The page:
Ise Jingu actually encompasses a complex of 125 shrines, with Naiku (the inner shrine) and Geku (the outer shrine) as the two main shrines. Every twenty years, a remarkable renewal ceremony called Shikinen Sengu takes place here, and has done so for 1,300 years. Prior to this ceremony, a new divine palace is constructed to the exact same dimensions as the current one in order to relocate the deity. It is believed that the deity would be more able to offer continued protection to people if it is treasured in a new and brighter place. This is one of the reasons why many Japanese people visit this shrine at least once in their lives.
This grand shrine holds over 1,000 minor and major festivals a year, and the Jingu Chokokan Museum exhibits a wide range of the festival equipment used, as well as the costumes and treasures employed in the Shikinen Sengu ceremony. Interestingly, these items are also replaced with new ones every twenty years. The Jingu Museum displays artworks dedicated to the ceremony from its extensive collection as a showcase for the rich history of Japanese art.
Another distinctive feature of Mie are the around 660 ama (female free-divers) that still harvest abalone in the sea off the Shima Peninsula in Toba City. These women represent the largest number of active divers in one area throughout Japan. Noshi-awabi, or dried and flattened abalone strips, is the oldest form of food stuffs to be offered to the deities of Ise Jingu, and Kuzaki, Shima, is the only place that offers its abalone to the grand shine. The history of this donation started when an ama diver dedicated local abalone to Yamatohime-no-mikoto when she visited Ise Bay, and this legendary ama, named Oben, is enshrined in Amakazukime Shrine in Kuzaki.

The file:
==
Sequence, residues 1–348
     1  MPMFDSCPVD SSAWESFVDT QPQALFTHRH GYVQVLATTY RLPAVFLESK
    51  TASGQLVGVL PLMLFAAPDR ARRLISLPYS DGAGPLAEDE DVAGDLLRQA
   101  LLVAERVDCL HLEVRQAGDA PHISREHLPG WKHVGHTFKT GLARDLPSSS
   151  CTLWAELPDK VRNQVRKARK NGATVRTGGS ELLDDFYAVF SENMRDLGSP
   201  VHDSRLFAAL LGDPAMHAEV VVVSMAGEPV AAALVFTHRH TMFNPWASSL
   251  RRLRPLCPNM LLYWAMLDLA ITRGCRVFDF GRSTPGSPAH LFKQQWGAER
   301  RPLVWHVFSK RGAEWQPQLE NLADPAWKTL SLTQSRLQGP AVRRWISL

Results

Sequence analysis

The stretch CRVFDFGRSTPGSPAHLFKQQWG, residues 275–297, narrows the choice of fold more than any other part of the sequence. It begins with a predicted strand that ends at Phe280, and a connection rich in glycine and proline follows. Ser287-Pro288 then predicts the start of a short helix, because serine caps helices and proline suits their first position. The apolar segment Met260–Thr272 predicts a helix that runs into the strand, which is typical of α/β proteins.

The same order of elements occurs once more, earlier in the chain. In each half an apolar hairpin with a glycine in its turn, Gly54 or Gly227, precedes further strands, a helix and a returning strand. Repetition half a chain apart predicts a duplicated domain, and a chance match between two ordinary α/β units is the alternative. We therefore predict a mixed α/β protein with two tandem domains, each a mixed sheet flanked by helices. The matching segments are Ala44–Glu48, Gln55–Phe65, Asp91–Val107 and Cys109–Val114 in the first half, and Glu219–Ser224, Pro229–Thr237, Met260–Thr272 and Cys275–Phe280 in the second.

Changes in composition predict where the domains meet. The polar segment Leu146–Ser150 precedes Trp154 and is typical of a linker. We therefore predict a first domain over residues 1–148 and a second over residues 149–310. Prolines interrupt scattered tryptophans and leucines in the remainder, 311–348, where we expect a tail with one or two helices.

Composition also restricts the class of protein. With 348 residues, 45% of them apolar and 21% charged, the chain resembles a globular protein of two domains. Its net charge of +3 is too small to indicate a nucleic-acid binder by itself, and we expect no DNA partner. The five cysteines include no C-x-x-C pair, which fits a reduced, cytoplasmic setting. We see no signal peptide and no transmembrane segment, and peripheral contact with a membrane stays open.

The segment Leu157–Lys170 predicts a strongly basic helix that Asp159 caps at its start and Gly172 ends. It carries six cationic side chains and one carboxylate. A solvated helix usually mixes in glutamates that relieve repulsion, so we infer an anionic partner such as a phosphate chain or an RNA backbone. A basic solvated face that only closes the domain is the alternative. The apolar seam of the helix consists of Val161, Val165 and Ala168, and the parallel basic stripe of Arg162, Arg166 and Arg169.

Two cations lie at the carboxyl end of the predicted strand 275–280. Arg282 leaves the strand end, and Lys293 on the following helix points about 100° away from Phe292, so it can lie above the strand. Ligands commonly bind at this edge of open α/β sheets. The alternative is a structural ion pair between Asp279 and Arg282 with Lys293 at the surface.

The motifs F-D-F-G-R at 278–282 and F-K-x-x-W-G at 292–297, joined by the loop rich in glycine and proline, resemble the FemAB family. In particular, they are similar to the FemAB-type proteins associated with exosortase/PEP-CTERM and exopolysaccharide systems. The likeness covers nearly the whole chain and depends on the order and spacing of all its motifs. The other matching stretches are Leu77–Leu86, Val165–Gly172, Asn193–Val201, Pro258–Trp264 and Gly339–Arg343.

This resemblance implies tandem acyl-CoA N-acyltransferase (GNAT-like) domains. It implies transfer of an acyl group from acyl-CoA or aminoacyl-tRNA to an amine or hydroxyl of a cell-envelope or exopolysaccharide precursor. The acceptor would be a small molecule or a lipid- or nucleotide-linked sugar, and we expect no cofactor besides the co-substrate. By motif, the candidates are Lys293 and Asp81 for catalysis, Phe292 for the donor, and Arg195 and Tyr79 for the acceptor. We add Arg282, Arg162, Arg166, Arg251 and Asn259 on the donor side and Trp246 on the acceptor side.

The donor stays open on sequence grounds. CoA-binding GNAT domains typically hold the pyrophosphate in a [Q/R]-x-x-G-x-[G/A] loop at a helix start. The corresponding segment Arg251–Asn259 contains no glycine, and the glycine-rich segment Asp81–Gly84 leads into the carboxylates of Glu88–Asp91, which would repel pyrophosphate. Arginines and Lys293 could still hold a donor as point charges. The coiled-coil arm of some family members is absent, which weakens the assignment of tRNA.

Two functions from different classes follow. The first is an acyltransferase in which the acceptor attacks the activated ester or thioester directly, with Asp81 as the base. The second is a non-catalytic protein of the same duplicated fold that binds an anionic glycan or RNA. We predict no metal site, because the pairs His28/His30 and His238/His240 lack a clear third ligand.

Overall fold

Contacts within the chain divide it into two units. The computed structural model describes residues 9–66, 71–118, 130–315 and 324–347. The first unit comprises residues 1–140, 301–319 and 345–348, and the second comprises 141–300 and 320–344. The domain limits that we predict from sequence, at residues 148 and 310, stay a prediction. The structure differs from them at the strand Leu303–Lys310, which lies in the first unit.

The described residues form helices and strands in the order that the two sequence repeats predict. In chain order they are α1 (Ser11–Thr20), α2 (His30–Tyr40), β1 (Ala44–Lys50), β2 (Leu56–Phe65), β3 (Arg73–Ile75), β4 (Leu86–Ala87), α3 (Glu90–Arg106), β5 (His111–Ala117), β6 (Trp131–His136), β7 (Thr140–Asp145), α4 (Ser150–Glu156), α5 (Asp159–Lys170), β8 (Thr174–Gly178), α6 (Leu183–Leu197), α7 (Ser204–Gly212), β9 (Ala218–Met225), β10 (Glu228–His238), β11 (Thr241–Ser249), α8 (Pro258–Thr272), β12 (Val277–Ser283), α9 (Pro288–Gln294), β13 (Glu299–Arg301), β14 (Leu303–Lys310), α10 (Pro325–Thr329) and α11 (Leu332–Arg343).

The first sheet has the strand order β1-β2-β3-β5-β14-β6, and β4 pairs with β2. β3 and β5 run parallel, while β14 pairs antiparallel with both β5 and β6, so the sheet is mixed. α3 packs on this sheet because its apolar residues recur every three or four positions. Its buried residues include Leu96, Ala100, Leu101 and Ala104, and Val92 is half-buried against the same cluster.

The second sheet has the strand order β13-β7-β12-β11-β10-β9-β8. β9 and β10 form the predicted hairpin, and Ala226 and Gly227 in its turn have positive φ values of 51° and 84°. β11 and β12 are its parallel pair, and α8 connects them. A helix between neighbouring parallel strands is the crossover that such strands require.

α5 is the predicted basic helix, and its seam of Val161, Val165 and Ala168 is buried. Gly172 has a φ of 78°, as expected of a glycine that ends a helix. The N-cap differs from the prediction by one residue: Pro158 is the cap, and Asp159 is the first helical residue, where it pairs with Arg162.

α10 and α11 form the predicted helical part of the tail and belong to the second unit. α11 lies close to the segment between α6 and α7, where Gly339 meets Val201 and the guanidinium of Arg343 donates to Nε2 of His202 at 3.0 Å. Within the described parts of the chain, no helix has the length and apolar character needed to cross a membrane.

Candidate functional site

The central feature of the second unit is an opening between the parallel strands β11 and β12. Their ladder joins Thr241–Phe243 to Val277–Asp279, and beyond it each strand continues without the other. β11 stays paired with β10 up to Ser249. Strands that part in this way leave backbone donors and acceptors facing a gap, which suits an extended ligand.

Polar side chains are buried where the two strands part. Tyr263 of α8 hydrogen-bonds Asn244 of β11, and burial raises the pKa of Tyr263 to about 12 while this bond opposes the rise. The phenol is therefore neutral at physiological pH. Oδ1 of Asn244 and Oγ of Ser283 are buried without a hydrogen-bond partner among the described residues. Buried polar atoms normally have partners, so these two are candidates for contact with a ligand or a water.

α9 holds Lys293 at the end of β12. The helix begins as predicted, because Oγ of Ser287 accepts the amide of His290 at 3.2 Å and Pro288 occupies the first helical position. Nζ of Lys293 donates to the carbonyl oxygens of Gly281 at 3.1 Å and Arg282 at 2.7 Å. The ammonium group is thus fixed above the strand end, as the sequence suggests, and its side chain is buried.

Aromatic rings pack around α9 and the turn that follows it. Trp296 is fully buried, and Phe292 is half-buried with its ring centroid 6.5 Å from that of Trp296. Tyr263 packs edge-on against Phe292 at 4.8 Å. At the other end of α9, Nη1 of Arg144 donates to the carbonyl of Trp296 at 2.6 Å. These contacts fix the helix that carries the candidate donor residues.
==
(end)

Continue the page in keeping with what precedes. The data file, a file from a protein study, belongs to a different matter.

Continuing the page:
Shinmei Shrine in Toba enshrines a goddess, called “Ishigami (Stone God),” and is well known as a place for spiritual energy for women. According to legend, the goddess will surely make women’s wishes come true at least once in their lives, as ama divers have long prayed for their own safety and a good harvest at this shrine. Good luck charms embroidered with a star and a grid pattern sold here are all hand made by local ama divers. As the star sign can be drawn in one stroke, it means that divers will always come back from the sea. The grid patterned part prevents evil from entering.
The Toba Sea-Folk Museum offers a wide variety of information on ama divers and fishing in the Shima and Toba regions, and visitors can also enjoy hands-on craft experiences involving shells and seaweed.
Japanese people have long considered a variety of things as objects of worship since ancient times. They have worshiped gods and goddesses in the spirits of the dead and in features of the natural world, both in Buddhism and Shintoism. Perhaps this reflects the true nature of Japanese people, who have always tried to survive through uncertain times in a versatile and peaceful manner.